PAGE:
This essay examines the use of camouflage, artifice, and abstraction–as strategies of surface-play–by Mickalene Thomas, a contemporary painter. Many scholars have focused on Thomas's use of painting materials (e.g. enamel, rhinestones, glitter) that locate her work within discourses of consumer culture and beauty in hip-hop aesthetics. While providing a different orientation to the look through the black queer gaze, the author argues that Thomas's method (e.g. photography, collage-painting, installation) and use of materials signify the surface of her work as a corporeal topography of black interiorities. Camouflage, artifice, and abstraction reveal interiorities hidden in plain sight. The first part of this article examines camouflage and artifice as porous surface-play, while the second part turns to a discussion of abstraction in Thomas's work as a method that pushes the boundaries of representation and abstractionism.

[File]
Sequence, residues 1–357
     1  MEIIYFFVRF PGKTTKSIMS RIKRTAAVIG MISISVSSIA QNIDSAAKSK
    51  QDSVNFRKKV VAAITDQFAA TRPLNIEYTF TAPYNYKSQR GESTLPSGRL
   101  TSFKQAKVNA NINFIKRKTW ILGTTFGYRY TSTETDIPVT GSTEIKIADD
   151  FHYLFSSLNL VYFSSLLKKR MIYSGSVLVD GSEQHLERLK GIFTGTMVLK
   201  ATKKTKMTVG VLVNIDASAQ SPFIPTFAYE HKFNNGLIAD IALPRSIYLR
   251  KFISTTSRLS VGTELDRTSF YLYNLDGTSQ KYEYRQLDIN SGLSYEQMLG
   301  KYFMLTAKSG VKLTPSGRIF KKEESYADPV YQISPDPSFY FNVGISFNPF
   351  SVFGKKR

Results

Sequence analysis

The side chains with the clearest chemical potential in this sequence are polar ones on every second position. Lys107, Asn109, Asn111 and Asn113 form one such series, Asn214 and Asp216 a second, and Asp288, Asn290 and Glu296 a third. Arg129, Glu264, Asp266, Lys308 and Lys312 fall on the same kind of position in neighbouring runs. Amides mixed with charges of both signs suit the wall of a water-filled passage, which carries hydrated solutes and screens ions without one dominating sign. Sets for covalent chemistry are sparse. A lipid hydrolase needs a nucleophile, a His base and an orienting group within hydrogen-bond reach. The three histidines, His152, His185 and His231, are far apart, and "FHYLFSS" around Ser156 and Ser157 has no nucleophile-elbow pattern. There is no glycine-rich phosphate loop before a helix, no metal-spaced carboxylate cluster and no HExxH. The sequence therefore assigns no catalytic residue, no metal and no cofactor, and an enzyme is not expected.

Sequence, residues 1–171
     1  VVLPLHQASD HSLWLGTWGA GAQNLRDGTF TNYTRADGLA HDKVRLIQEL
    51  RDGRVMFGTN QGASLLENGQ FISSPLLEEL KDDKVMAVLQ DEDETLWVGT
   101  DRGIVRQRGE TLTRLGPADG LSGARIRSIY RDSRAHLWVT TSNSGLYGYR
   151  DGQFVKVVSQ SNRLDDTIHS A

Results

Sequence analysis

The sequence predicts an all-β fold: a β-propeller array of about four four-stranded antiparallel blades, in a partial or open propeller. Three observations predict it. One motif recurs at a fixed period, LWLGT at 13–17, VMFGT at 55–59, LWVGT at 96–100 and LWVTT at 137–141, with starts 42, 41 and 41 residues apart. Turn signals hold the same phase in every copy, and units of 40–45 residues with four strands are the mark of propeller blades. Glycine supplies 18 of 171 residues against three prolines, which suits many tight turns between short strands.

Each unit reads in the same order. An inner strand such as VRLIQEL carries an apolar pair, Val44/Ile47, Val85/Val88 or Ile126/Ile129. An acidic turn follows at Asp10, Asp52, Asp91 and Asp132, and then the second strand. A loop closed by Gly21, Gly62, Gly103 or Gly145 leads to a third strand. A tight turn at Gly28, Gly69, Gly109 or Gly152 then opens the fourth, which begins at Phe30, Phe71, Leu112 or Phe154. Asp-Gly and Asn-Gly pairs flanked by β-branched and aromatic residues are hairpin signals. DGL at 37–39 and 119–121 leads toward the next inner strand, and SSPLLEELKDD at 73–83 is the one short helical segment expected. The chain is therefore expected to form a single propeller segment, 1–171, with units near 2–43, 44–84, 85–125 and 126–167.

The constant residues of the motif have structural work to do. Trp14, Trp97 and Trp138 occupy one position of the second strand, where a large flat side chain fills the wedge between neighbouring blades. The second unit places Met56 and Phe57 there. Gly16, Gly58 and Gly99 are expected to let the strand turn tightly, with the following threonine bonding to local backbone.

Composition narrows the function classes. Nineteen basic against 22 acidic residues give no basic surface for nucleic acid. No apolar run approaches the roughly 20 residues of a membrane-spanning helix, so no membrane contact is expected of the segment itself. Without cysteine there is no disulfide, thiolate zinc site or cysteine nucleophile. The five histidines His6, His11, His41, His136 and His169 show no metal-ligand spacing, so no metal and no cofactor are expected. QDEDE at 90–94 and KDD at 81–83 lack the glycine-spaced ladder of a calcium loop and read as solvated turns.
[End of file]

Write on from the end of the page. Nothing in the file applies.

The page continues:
All Science Journal Classification (ASJC) codes
- Gender Studies
- Visual Arts and Performing Arts